“I gave Ian permission to leave” she says emotionally.   

Ian refused to leave and remained by her side through hospitalisation, surgery and rehabilitation. He’s still by Robinson’s side today, and feels lucky to be. 

Robinson credits her husbands ‘healing hands’ in part for her recovery. He would massage her feet and her legs in the months post accident in an attempt to encourage relaxation, restore function and blood flow. He may have a gift, as Robinson reports seeing movement in her big toe after a massage session. 

Since the accident, Hannah and Ian have had children together, bought a home and enjoyed a loving and long lasting relationship. They decided to hold off on marriage until Robinson was able to walk down the aisle.  



Through hard work and determination, supported by her parents and Ian’s never ending love, she made it. 

“Ian definitely does more than your average husband would do, but I feel like he would have done the same even if I hadn’t gone through a spinal cord injury. That’s just who he is.”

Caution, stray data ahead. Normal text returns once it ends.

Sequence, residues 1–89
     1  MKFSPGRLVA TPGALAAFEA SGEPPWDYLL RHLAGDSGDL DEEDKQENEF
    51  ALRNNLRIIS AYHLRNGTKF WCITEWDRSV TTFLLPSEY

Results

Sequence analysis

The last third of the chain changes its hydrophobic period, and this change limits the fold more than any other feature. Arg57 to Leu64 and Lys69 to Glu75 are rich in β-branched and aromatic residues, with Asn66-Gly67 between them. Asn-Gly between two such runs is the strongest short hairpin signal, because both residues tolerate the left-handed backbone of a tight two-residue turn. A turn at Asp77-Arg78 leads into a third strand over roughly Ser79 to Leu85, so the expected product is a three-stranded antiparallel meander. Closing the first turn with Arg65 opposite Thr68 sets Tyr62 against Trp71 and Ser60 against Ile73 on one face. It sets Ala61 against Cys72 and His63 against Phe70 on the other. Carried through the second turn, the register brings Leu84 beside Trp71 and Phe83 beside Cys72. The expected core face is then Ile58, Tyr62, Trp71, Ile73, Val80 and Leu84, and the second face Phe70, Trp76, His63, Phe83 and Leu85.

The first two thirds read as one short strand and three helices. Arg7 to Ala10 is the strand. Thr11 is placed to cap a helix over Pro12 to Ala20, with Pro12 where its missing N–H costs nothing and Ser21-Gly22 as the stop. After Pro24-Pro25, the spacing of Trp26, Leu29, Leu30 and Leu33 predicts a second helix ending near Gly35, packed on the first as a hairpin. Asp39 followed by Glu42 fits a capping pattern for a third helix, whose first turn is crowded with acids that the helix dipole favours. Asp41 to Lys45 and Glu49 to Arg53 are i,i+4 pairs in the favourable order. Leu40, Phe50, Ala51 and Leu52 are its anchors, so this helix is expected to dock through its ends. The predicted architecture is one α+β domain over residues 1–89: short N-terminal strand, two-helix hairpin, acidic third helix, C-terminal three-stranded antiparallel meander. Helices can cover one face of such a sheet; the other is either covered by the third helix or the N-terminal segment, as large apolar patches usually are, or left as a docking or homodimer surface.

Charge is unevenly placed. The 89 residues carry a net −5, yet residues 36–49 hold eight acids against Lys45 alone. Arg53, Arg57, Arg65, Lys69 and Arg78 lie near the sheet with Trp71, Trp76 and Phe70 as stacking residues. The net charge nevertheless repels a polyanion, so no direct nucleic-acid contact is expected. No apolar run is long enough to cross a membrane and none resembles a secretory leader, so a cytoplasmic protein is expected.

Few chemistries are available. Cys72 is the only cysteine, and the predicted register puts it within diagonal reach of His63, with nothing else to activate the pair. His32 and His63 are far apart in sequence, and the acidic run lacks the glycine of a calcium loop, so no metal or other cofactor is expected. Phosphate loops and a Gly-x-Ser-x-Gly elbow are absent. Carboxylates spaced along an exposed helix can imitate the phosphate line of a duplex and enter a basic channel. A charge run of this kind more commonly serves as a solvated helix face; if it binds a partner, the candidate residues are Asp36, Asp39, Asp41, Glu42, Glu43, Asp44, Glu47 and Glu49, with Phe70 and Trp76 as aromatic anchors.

Remember Rebecca Allum? She got her fairy tale ending after all. New man Nigel recently proposed to her on a cruise. They met post-accident at a bar after talking online. She’s also back riding her horse, using voice commands. Her hands on the reins are just for show. 

“Rebecca was very upfront about her injury on her profile. It didn’t bother me,” Nigel says in a documentary filmed for Attitude.

Allum says that although her fiance Nigel is now accustomed to her using the wheelchair, when she met him for the first time she decided not to use it. He admitted that had Allum been in the electric wheelchair it may have been too much. 

Previously in the customer service industry, Nigel quit his job and is now one of Allum’s caregivers. They admit it changed the dynamic of the relationship and would advise people to not do what they have done. 

“We had to work hard at it. We went through counselling to make this work”, Allum says. 

Which is a reminder that love can conquer all, you just have to work at it.